The commonly recognized causes of post-operative neurological deterioration in spinal tuberculosis are inadequate decompression, damage to vascular supply of the spinal cord, and multi-drug resistant organisms. There are no known cases of syringomyelia developing after surgical decompression of spinal tuberculosis.
A teenage girl presented with rapid onset quadriparesis secondary to a tubercular epidural abscess extending from C4-T8. The neurological status deteriorated to quadriplegia immediately following decompression by hemilaminectomy at C7 and T7 levels. Investigations into the cause of neurological deterioration revealed syrinx formation at T5–9 levels. The patient had partial motor and sensory recovery in the first 3 weeks post-operatively. Tubercular infection was treated with a 1-year course of multi-drug anti-tubercular therapy. However, there was no further neurological improvement at 2 years follow-up.
Syringomyelia in tuberculosis has been associated with tubercular meningitis, intradural tuberculomas, and post-surgical vascular insult. None of these were implicated as the cause of syrinx formation in this case. We hypothesize that the rapid evolution of epidural abscess in an intact vertebral column led to an acute “epidural compartment syndrome”, which caused ischemic damage to the spinal cord. Compression caused by the epidural abscess was relieved by surgical decompression, allowing the central canal to dilate and expand into the softened spinal parenchyma, hence leading to syrinx formation.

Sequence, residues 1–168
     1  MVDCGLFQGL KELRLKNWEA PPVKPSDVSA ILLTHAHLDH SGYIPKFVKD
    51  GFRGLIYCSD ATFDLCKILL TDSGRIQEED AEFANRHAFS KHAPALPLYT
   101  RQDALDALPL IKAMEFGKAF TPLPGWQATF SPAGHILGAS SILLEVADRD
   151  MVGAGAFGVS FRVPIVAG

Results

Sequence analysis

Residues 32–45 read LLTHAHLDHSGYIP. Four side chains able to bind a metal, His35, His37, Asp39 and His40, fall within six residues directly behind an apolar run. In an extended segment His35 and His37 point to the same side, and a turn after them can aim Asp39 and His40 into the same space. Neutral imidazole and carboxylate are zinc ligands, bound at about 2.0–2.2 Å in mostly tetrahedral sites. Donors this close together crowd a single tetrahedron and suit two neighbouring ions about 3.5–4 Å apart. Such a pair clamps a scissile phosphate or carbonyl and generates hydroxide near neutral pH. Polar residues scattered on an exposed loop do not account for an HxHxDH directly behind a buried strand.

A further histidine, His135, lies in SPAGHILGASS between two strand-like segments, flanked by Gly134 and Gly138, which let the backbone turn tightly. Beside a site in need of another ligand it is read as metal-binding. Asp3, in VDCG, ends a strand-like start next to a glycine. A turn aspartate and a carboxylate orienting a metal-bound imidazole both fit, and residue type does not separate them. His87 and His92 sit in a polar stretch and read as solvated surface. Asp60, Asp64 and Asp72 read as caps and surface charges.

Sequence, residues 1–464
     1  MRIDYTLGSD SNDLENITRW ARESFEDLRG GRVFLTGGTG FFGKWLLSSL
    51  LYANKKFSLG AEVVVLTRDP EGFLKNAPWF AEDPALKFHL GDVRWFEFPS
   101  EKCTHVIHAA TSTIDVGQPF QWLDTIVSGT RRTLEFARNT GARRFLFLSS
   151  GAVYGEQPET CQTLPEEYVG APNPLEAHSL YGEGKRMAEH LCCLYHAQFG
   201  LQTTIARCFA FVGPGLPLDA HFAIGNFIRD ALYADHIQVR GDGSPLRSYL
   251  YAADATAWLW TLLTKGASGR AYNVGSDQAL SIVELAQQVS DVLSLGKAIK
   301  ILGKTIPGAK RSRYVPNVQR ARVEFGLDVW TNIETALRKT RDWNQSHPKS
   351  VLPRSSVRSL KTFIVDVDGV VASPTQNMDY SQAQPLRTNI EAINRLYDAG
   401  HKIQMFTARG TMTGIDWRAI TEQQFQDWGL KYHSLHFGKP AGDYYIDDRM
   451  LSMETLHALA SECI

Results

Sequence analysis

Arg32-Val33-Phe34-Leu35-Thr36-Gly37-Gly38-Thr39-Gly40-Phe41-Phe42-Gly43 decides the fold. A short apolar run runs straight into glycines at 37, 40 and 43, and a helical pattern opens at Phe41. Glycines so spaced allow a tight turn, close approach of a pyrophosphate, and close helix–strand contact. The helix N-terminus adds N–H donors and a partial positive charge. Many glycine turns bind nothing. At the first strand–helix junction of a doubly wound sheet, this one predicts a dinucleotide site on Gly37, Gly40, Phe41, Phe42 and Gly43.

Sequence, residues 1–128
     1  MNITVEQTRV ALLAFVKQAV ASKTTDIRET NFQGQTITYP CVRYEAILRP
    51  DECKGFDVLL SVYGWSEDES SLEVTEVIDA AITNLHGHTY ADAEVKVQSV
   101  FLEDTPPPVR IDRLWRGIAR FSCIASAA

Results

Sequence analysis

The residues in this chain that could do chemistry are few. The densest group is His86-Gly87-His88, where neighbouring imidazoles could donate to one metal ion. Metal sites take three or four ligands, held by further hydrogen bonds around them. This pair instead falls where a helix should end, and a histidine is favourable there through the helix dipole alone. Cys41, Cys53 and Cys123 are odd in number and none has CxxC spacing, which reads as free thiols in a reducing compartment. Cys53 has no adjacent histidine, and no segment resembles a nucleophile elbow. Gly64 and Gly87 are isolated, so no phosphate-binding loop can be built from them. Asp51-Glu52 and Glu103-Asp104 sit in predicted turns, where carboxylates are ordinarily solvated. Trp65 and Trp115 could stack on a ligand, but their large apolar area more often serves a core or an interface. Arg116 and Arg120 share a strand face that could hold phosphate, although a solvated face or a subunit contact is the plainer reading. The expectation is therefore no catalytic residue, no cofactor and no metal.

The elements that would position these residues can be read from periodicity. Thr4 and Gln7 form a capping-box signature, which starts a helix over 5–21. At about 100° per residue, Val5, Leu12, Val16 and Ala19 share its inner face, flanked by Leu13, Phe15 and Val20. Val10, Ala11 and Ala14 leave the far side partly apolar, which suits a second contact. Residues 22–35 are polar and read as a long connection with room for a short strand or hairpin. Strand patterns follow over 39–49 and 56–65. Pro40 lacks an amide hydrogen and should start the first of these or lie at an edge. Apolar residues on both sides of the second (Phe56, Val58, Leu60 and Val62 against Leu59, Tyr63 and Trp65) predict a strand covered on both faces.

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Author YK was the chief resident of the ward where the patient concerned was admitted. The chief operating surgeon was author NB, while authors PL and AK were his surgical assistants. They were responsible for preparation of the manuscript. Final proof reading and editing of the manuscript was done by NB and YK. The manuscript has been read and approved by all the authors and requirement for authorship of this document has been met. Each author believes that the manuscript represents honest work.